Mark Moore Gallery is pleased to present Family Tree, a solo show of new works by Mark Bennett. This will be Bennett’s first solo show since 2005.
For the past 20 years, Tennessee-based artist Mark Bennett has made art firmly rooted in the collective American experience of television. His drawings and lithographs are "blueprints" of famous television houses from such classic sitcoms as I Love Lucy and The Brady Bunch. Drawing these fictional dwellings from memory, Bennett documents the minutiae of the characters' lives by constructing their environments with a painstaking level of detail.
For this exhibition, Bennett continues his exploration of floor plans and includes new family tree drawings, painstakingly charting Hollywood romances, both known and unknown. Passionately researching every relationship before incorporating it into the artwork, Bennett creates drawings that are a radical mix of deft information science, tabloid gossip fodder, and insight into the American psyche as he reflects on the idealized and stereotyped notions of American life as perpetuated by mass culture.
Born in 1956 in Chattanooga, the artist was a self-described "television addict" as a youth, watching and re-watching episodes until he had memorized the details of more than 45 situation comedies.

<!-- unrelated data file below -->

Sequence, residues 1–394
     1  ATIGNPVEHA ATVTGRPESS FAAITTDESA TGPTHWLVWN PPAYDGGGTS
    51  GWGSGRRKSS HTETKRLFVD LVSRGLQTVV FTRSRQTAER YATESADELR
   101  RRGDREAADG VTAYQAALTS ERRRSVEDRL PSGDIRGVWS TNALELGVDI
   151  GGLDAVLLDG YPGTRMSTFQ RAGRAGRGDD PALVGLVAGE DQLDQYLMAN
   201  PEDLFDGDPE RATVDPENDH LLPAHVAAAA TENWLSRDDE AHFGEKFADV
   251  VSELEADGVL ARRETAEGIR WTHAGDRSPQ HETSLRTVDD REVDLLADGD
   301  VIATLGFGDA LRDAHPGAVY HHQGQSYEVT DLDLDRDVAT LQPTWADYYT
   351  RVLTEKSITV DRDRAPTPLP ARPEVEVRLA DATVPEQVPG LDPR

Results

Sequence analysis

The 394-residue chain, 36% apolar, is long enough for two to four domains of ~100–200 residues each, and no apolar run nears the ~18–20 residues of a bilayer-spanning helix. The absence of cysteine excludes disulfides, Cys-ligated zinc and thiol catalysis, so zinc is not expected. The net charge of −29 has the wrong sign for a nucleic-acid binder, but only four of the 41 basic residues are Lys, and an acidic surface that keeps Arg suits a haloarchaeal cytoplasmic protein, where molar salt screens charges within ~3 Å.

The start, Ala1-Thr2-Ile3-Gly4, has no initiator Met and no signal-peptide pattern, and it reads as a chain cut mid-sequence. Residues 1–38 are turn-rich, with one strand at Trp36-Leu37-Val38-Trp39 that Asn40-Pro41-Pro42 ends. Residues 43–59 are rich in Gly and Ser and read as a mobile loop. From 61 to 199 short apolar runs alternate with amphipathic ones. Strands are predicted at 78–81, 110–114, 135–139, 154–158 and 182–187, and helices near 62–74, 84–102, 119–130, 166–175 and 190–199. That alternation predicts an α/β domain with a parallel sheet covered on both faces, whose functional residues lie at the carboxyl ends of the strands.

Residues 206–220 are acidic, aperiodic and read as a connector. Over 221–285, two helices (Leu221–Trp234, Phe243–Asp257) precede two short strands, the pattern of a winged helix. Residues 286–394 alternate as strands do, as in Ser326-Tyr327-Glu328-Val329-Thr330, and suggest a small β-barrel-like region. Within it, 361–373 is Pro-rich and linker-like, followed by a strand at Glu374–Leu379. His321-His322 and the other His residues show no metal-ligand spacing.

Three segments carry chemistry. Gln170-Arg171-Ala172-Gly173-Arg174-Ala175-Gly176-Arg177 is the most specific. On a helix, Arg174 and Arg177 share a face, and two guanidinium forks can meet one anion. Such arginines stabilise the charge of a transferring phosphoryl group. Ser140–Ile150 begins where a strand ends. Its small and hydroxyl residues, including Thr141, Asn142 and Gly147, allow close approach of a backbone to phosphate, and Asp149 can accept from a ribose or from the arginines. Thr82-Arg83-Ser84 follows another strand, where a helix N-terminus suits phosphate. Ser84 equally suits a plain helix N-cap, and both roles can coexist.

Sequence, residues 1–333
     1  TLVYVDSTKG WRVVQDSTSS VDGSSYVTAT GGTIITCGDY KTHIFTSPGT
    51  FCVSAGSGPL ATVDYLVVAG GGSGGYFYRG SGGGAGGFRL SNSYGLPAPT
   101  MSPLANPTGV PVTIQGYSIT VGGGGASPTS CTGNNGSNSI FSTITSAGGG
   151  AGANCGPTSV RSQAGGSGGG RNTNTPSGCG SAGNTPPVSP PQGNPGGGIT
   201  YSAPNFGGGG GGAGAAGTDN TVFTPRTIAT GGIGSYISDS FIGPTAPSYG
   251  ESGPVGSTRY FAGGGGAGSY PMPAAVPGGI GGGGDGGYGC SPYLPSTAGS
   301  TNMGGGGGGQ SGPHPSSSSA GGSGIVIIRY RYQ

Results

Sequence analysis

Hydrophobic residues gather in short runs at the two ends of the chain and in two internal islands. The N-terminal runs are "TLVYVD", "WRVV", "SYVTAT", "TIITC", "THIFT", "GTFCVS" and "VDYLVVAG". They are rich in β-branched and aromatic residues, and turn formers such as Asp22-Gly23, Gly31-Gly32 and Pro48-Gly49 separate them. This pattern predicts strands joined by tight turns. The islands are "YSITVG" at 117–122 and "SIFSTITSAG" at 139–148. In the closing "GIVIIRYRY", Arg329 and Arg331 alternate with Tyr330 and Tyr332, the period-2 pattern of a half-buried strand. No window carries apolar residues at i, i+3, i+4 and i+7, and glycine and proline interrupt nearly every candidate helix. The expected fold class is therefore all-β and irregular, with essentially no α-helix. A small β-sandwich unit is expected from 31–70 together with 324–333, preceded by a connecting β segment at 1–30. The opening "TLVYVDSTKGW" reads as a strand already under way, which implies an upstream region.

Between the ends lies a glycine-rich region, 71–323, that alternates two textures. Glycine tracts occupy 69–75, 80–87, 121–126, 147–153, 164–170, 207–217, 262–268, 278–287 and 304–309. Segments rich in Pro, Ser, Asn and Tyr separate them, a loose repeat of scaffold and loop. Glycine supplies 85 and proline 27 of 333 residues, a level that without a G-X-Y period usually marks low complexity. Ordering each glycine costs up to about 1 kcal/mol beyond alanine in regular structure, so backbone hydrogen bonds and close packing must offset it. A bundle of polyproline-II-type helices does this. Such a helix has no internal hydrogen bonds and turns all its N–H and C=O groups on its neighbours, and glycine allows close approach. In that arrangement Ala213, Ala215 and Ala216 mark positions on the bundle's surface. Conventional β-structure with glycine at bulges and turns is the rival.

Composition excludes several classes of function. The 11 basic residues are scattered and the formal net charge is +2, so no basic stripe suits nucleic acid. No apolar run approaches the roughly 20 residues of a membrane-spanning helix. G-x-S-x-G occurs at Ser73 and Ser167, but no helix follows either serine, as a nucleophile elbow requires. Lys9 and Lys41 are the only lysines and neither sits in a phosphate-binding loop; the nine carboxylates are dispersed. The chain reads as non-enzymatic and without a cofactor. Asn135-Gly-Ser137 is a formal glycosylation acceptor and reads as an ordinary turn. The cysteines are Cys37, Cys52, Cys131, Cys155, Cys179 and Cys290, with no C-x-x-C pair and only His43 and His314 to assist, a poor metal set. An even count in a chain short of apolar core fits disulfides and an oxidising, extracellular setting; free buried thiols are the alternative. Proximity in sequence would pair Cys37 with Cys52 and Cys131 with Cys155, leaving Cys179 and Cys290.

Unlike American Pop artists of the 1960s such as Andy Warhol and Roy Lichtenstein, who appropriated images from mass media as subjects for their work, Bennett has reconstructed spaces, and lives that were intended only to flicker on the screen.
Mark Bennett's (b. 1956, Tennessee) Since his induction into the gallery in 1995, Bennett has been included in over three dozen significant museum and group exhibitions, including those at the Corcoran Gallery of Art (D.C.), Aldrich Museum of Contemporary Art (CT), Walker Art Center (MN) and Los Angeles County Museum of Art (CA). His work has been acquired for the permanent collections at the Museum of Modern Art (NY), Los Angeles County Museum of Art (CA), Orange County Museum of Art (CA), Corcoran Gallery of Art (DC), West Collection (PA), and the Portland Art Museum (OR), among others. Earning reverence from both critics and collectors alike, Bennett has been coined a master of nostalgia and social evaluation, acting as "the most earnest of his generation of West Coast artists drawing on popular culture" (Grady T. Turner, Art in America).